School's 'One Ponytail A Month' Rule Sparks Debate About Teacher Dress Codes & Double Standards

"This is why people leave the profession" one teacher responded, while others wondered why male teachers don't have similar rules.

woman with ponytail Roman Samborskyi via Shutterstock / Bianca Marie Arreola and evegenybobrov via Canva

It's no secret that the teaching profession is in crisis nowadays, with inadequate pay, increasing student behavior problems and political attacks in many parts of the country driving massive waves of teacher resignations.

But even amidst these enormous problems, many school districts seem to be missing the point, focusing on petty, invented problems that teachers say are making things even worse — and resulting in even more people quitting.


A woman detailed her district's 'one ponytail a month' teacher dress code regulating how female teachers wear their hair. 

You'd be hard-pressed to find a better example of misplaced priorities than policing female teachers' looks. But it's among the many ridiculous working conditions teachers called out in response to a viral TikTok by creator @educatorandrea in which she highlighted ways school administrators undermine the realities teachers face.



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Andrea's viral video included infuriating contradictions like administrators urging teachers to focus on self-care while also requiring them to sign up for unpaid overtime, and forbidding them from using Amazon wish lists to access the school supplies they are required to purchase for their whole classes out of pocket — only $500 of which they're permitted by law to write-off on their taxes. 

Andrea's video of course immediately resonated with teachers, but one reply she received in particular blew teachers' minds — a woman who reported that her district's ludicrous rules included a teacher dress code requiring female teachers wear their hair in a ponytail no more than once a month. 

The woman says she and her fellow teachers have been 'bullied' into accepting her school's teacher dress code and its absurd rule about ponytails.

"Our [high school] just passed a one ponytail per month rule," teacher and TikToker @raddishseed wrote in her comment, going on to angrily muse, "WTF you coming to do my hair every morning? Like who [the f-ck] keeps up with that?!"



The teacher went on to say that her fellow teachers were "bullied" into going along with the new rule, as they are in a district not represented by a teacher's union. The states of Georgia, Indiana, North Carolina, South Carolina, Texas, Virginia and Wisconsin majorly restrict or outright ban collective bargaining for teachers.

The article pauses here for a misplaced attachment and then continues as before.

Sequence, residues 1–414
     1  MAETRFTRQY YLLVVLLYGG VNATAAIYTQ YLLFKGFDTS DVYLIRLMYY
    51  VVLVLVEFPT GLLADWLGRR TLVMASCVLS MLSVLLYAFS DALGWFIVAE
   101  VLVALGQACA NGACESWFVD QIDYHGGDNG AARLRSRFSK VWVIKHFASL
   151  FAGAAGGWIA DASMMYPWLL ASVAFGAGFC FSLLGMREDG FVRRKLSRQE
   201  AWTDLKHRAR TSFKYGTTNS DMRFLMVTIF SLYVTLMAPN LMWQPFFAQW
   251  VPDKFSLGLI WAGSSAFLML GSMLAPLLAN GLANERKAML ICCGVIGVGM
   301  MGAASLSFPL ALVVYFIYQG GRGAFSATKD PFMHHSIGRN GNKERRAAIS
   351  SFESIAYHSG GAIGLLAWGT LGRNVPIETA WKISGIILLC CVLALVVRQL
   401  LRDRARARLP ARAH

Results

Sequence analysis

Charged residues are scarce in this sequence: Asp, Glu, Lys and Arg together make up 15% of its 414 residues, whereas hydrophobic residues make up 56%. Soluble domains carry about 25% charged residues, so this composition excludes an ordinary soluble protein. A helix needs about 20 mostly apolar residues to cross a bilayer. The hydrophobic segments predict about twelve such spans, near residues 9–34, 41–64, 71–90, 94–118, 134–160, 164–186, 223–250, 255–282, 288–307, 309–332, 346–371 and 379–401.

Ponytails are inarguably a petty and misplaced priority, and Andrea's stunned reaction said it all — "I'm sorry, they... they did what now?" And other teachers were infuriated by it.

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Teachers feel the teacher dress code's one ponytail rule is full of double standards, and held it up as an example of why teachers are quitting in droves.

"A question for the district where teachers are only allowed to wear a ponytail one time per month," teacher and TikToker @millennialmsfrizz said in her response. Referring to male teachers, she went on to ask, "are you guys regulating how often certain teachers wear crocs, shapeless khakis, random polos with the school logo on it from ten years ago they found in a locker room?"



But the teacher dress code's double standards don't just stop at gender, of course. As has frequently been pointed out in recent years, dress codes in general often include standards that unequally impact people of color — for example by forbidding Black workers from wearing supposedly "unprofessional" natural hairstyles.


Teacher and TikToker @amymanlapas called this out in her response to the "one ponytail a month" rule. "Just a friendly reminder before the start of the school year that dress codes are racist, classist, and sexist, and used as a form of harassment for employees that push back against their bosses and supervisors," she said in a video.

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But what galled her most is how misplaced the district's priorities seemed to be. "At a time when people are banning books, this is what this admin is focused on," she said. "This is why people leave the teaching profession." And that's not just angry hyperbole.


At the end of the 2021-2022 school year, education research organization Chalkbeat found that teacher resignations were at an all-time high in several parts of the country, and a 2022 study found more than half of all teachers seriously considering leaving the profession. So districts might want to get their priorities in order — they have much bigger fish to fry than policing ponytails.

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John Sundholm is a news and entertainment writer who covers pop culture, social justice and human interest topics.